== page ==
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Université Toulouse II-Le Mirail SCPAM (Publication), Université Toulouse II-Le Mirail (Production), Bruno BASTARD (Réalisation), Sandra Hanne (Intervention)
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DOI : 10.60527/tbgt-0w19
Citer cette ressource :
Sandra Hanne. UT2J. (2012, 22 juin). Sentence comprehension deficits in aphasia : additional insights from impairment-specific assessment / Sandra Hanne , in Perspectives neuropsycholinguistiques sur l'aphasie. [Vidéo]. Canal-U. (Consultée le 24 juillet 2024)

Sentence comprehension deficits in aphasia : additional insights from impairment-specific assessment / Sandra Hanne

Réalisation : 22 juin 2012 - Mise en ligne : 7 mars 2013
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Sentence comprehension deficits in aphasia : additional insights from impairment-specific assessment / Sandra Hanne. In "Perspectives neuropsycholinguistiques sur l'aphasie - NeuroPsychoLinguistic Perspectives on Aphasia", colloque international organisé par l'Unité de Recherche Interdisciplinaire Octogone de l'Université Toulouse II-Le Mirail (France). Toulouse, 21-23 juin 2012.

Despitegood performances in oral comprehension of single words andirreversible sentences, comprehension of semantically reversiblenon-canonical and complex sentences can cause enormous difficultiesin adults with aphasia (Mitchum & Berndt, 2008). As theseimpairments affect specific syntactic structures (Grodzinsky, 2000)and occur across various syndrome classifications (Dronkers et al.,2004), standardized aphasia batteries often fail to detect them.However, sentence comprehension deficits can have a considerableimpact on participation in everyday life (WHO, 2001). Following this,sensitive and in-depth tasks are required in order to tap theunderlying (syntactic) deficit, which is a prerequisite forimpairment-specific treatment.

Theobjective is to present data from individuals with aphasiainvestigated with an in-depth assessment tool for sentencecomprehension using sentence-picture matching. The sentencecomprehension test (Burchert et al., 2011) systematically comprisessyntactic structures, which have been shown to be vulnerable tocomprehension impairments.

Wereport a case series study including 5 individuals with aphasia(38-74 years; 5-18 years post-onset), all native speakers of German,classified as Broca (n=3) and amnesic (n=2). Participants had aunilateral lesion in their dominant hemisphere, reduced memory spanand good performances in auditory discrimination and single-wordcomprehension. The sentence comprehension test included irreversiblesentences (long, short), reversible canonical (SVO, SRC) andnon-canonical sentence structures (OVS, ORC). SVO and OVS sentencescontained either number- or case-marking cues, whereas relativeclauses (SRC, ORC) were divided into right-branching and embeddedstructures. Thus, canonicityeffects,the influence of morpho-syntacticvariablesand syntacticcomplexity effectscan be investigated selectively.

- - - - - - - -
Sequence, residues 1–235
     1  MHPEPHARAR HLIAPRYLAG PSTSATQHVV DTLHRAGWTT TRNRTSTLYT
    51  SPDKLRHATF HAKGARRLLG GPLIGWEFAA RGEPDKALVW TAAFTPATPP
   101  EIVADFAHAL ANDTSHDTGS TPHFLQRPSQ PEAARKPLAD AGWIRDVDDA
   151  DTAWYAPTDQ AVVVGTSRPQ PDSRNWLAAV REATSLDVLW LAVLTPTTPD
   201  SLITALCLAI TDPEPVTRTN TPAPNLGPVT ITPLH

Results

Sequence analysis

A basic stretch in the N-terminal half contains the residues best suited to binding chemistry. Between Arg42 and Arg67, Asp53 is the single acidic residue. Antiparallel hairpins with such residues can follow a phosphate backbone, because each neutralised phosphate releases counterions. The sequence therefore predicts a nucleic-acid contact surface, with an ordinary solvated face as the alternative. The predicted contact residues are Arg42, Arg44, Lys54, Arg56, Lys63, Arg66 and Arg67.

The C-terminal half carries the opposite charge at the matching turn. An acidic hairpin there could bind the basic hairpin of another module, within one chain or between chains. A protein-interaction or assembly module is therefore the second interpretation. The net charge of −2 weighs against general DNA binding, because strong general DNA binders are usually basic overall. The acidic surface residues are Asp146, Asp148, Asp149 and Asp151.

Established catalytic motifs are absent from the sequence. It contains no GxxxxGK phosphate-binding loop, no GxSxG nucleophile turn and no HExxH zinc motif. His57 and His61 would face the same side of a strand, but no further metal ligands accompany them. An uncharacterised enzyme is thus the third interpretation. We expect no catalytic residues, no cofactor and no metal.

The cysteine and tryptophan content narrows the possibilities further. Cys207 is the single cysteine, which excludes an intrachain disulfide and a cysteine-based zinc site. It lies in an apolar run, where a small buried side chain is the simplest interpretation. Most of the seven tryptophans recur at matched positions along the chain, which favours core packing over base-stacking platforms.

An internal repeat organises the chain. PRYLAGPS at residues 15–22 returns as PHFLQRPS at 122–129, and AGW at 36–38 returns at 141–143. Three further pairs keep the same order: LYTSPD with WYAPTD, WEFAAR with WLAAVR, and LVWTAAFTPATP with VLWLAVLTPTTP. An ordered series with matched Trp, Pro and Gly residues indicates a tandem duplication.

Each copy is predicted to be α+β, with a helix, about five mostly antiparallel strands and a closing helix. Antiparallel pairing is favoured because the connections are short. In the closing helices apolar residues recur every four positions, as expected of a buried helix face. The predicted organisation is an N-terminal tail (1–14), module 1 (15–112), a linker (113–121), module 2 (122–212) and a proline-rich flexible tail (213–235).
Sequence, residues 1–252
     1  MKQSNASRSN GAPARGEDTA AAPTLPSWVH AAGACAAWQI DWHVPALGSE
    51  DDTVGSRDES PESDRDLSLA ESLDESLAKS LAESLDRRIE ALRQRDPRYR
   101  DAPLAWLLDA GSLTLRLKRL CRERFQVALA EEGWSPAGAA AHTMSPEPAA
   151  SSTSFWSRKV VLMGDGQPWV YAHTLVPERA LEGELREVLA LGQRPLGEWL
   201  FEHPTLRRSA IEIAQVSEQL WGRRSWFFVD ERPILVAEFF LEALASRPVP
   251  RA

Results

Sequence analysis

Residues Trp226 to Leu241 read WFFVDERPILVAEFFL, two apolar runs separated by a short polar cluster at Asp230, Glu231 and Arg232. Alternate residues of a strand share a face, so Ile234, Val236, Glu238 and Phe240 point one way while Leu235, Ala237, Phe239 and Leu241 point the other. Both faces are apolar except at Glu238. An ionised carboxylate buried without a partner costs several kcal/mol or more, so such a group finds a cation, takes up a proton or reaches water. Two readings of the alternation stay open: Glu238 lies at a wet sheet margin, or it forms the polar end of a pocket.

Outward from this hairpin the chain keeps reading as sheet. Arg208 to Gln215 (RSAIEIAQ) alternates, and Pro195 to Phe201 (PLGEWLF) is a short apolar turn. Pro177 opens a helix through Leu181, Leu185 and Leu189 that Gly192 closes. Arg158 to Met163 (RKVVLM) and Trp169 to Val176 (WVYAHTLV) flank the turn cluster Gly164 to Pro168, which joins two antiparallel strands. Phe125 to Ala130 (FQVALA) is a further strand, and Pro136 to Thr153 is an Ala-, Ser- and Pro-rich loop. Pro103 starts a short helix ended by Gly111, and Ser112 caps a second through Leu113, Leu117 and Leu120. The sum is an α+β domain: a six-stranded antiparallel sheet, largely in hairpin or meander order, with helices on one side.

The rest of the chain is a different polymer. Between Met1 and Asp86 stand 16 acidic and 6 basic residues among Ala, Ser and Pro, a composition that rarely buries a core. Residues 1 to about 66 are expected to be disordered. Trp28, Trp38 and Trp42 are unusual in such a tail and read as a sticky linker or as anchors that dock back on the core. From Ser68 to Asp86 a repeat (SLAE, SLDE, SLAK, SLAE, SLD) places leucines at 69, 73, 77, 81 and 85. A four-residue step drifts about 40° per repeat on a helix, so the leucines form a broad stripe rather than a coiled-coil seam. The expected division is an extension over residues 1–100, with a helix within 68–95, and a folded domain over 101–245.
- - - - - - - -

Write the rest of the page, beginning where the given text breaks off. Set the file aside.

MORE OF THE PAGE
Accordingto the standardized test battery (AAT, Huber et al., 1983) languagecomprehension seemed relatively intact (see percentiles in table 1).However, results of the sentence comprehension test showed severeimpairments as well as considerable heterogeneity in performances ofthe 5 participants (see table 1). Whereas all individuals performedwell on irreversible and reversible SVO sentences (above chance;within the normal range), accuracy dramatically declined for OVSstructures; reflecting a canonicityeffect.Comprehension of RCs was impaired in all 5 participants and a morespecific canonicity effect was observed for right-branching RCs for 2participants (P4, P5). Finally, these participants also showed asyntacticcomplexity effect,with decreased performance on embedded SRCs as compared toright-branching SRCs.

Thepresent study indicates that adults with aphasia can have specificdeficits in oral sentence comprehension even though their syndromeclassification and percentiles in standardized aphasia batteries donot reveal any such severe impairment in comprehension. Furthermore,the results give insights into the selectivity of syntacticcomprehension deficits and their heterogeneous manifestations acrosssingle cases. This enunciates the clinical importance of sensitivetools assessing sentence comprehension in order to developevidence-based treatment programs.



Burchert, F., Lorenz, A., Schröder, A., De Bleser, R., & Stadie, N. (2011). Sätze verstehen Neurolinguistische Materialien für die Untersuchung von syntaktischen Störungen beim Satzverständnis [Understanding sentences: Neurolinguistic material for the assessment of syntactic deficits in the comprehension of sentences]. Hofheim: NAT-Verlag.

Dronkers, N., Wilkins, P., Van Valin, R., Redfern, B. & Jaeger, J. (2004). Lesion analysis of the brain areas involved in language comprehension. Cognition, 92, 5–177.

Grodzinsky, Y. (2000). The neurology of syntax: language use without Broca's area. Behavioral and Brain Sciences, 23, 1-71.

Huber, W., Poeck, K., Weniger, D., & Willmes, K. (1983). Aachener Aphasie Test (AAT). Göttingen: Hogrefe.

Mitchum, C.C. & Berndt, R. (2008). Comprehension and Production of Sentences. In R. Chapey (ed.) Language Intervention Strategies in Aphasia and Related Neurogenic Communication Disorders (5th ed.). Philadelphia: Wolters Kluwer, 632-653.

WHO (2001). International Classification of Functioning, Disability and Health. Geneva: World Health Organization. 

> Voir aussi la bibliographie générale à télécharger dans l'onglet "Documents" de la séquence vidéo d'ouverture du colloque.

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